RSA may not deserve all the respect the market is showing it

21st August 2012

One way investors can gauge the success of an insurance business is to look at gross written premiums – the amount of business an insurance company actually writes. Here RSA has enjoyed some strong growth in recent years, with consensus estimates for gross premiums in 2012 up 38% from 2006 levels.

Furthermore a rising proportion of that growth is coming from the emerging markets and elsewhere overseas, which means RSA is increasingly doing business in areas of the world where the stockmarket values that business more highly.

Over the same six-year period, however, RSA's profitability has not improved – indeed operating profit is down 9% since 2006 and the business the group is writing in emerging markets is hardly generating any profits at all.

There are good reasons for this, the most obvious of which is that RSA has been growing its overseas businesses from scratch and thus has yet to enjoy much in the way of benefits of scale. Also, the sort of costs it has had to inject mean it would have been unreasonable to expect profitability from day one. Nevertheless, given the intervening period and the size of its overseas businesses now, one could reasonably expect the group to be a lot more profitable than it currently is.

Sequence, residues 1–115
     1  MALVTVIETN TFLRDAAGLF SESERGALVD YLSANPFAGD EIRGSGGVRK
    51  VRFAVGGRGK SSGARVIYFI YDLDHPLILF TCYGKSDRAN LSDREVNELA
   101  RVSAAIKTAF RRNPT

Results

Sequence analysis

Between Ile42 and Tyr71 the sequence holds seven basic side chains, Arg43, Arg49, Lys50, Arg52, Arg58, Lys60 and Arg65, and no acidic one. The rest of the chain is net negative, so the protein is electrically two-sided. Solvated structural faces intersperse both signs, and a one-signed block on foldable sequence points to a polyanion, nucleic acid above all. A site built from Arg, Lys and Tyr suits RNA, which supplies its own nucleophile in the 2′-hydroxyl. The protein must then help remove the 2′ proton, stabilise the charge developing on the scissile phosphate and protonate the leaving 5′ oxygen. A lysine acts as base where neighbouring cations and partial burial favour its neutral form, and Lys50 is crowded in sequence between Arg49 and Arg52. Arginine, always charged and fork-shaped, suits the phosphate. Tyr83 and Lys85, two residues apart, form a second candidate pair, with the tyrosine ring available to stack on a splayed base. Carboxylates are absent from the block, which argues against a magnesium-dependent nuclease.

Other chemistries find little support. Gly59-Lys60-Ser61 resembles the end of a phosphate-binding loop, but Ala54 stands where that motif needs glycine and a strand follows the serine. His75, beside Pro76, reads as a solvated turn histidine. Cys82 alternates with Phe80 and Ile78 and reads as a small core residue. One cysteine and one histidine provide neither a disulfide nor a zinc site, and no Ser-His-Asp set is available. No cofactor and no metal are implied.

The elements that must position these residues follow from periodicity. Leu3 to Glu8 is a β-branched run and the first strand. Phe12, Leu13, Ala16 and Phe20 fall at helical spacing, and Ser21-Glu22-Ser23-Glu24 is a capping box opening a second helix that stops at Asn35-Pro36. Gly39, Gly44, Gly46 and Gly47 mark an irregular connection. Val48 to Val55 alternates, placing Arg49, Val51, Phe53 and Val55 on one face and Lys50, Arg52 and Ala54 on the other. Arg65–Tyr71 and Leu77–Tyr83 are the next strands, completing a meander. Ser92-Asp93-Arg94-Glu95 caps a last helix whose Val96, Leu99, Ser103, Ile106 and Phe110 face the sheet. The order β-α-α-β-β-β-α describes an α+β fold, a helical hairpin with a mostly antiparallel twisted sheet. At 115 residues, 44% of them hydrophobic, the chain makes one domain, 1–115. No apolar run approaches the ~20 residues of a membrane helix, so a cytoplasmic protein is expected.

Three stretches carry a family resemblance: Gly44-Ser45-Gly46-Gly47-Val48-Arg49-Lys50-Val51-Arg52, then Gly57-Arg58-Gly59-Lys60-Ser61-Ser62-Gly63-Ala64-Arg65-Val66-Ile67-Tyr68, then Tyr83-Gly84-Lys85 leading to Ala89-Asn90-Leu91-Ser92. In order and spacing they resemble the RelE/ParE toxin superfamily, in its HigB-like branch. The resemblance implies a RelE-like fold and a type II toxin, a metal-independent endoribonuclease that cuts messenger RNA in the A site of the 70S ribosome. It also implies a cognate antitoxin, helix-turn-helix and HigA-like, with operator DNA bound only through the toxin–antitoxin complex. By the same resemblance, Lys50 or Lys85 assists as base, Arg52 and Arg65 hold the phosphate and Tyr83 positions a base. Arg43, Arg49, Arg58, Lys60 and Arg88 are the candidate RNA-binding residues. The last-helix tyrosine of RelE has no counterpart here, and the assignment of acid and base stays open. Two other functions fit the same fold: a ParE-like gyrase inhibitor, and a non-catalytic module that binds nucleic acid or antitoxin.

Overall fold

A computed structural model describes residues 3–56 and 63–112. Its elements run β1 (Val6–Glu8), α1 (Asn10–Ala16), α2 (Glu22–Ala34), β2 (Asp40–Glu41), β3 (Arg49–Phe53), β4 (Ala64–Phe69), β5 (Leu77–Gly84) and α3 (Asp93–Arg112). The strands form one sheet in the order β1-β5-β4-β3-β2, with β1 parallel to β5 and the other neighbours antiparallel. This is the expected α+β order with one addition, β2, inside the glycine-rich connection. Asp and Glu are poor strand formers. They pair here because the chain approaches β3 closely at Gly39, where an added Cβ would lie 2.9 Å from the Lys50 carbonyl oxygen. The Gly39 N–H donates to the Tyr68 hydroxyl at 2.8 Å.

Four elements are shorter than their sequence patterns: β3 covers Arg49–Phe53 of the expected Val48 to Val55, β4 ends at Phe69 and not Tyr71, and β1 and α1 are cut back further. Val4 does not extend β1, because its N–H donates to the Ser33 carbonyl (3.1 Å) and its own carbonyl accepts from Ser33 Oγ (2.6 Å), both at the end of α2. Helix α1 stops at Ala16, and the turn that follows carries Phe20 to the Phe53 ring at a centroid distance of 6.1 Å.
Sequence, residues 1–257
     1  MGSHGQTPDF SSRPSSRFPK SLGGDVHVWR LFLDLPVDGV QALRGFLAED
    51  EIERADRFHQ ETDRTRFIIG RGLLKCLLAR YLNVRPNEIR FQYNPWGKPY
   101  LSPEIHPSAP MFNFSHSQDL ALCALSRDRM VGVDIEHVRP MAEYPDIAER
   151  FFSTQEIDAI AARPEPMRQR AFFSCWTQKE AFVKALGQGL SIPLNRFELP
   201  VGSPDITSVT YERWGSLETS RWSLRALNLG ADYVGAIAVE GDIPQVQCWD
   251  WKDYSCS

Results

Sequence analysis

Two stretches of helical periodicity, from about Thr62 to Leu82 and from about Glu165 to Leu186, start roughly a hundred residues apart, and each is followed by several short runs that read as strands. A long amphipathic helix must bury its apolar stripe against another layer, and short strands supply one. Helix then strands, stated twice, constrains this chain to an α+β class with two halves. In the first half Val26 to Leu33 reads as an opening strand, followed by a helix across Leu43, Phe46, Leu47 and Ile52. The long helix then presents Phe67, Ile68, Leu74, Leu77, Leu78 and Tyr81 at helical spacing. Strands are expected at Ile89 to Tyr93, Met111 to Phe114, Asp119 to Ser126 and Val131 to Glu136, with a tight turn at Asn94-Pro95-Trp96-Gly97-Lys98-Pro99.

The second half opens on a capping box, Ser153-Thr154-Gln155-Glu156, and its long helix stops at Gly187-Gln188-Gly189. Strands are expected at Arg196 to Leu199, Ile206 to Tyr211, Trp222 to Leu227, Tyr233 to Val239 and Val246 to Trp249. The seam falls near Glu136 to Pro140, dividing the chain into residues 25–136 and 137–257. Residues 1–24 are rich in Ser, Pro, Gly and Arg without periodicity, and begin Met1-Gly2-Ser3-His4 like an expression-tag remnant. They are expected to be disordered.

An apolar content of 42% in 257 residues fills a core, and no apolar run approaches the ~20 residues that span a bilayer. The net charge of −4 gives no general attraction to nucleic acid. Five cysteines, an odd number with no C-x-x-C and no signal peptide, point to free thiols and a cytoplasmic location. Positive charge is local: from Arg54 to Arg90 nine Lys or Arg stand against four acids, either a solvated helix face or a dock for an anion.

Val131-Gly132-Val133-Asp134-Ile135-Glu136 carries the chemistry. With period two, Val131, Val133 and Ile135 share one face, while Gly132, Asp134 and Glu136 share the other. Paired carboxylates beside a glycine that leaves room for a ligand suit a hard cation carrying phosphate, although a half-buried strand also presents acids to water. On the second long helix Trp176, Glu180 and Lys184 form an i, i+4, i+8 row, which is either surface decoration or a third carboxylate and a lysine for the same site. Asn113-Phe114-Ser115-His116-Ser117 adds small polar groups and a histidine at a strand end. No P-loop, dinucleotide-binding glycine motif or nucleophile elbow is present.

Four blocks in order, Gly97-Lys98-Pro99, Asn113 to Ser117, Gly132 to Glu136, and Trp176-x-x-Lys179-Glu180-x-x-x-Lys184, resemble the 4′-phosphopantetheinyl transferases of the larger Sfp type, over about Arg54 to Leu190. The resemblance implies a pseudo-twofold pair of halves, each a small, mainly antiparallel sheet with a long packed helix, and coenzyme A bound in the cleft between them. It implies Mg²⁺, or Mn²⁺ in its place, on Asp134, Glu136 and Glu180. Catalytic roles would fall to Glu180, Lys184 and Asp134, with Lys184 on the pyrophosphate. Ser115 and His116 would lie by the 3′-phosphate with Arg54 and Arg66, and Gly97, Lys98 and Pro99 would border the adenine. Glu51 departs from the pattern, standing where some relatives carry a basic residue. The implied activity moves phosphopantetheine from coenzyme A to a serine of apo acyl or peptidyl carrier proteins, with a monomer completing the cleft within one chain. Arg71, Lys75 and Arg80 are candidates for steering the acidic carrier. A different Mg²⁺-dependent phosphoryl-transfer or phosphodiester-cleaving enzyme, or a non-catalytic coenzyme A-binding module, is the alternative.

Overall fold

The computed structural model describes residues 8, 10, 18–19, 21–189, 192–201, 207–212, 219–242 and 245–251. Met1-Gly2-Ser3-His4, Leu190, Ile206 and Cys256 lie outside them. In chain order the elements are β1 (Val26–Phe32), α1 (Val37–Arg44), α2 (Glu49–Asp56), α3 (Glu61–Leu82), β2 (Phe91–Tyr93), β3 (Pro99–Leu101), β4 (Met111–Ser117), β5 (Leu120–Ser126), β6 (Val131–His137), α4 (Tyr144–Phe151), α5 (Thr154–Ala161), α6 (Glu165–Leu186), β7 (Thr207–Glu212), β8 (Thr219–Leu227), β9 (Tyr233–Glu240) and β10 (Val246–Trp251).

A second factor contributing to RSA's lack of profitability is that insurance companies traditionally make their money in two ways. One is by writing home, car and other insurance policies and the other is by taking the premiums they are paid for those policies and investing them in low-risk assets, such as government bonds. Unfortunately such assets are returning very little in the current environment, which has clearly had a knock-on effect on insurance companies' balance sheets.

Even so, ways do exist to enhance returns in such an environment – the classic example being share buybacks. However, RSA's share count has actually been growing steadily in recent years and is now up by a fifth since 2006 as many investors have exercised scrip dividends, which allow them to take equity instead of cash. As a result, RSA's earnings per share number has fallen 27% over the last six years.

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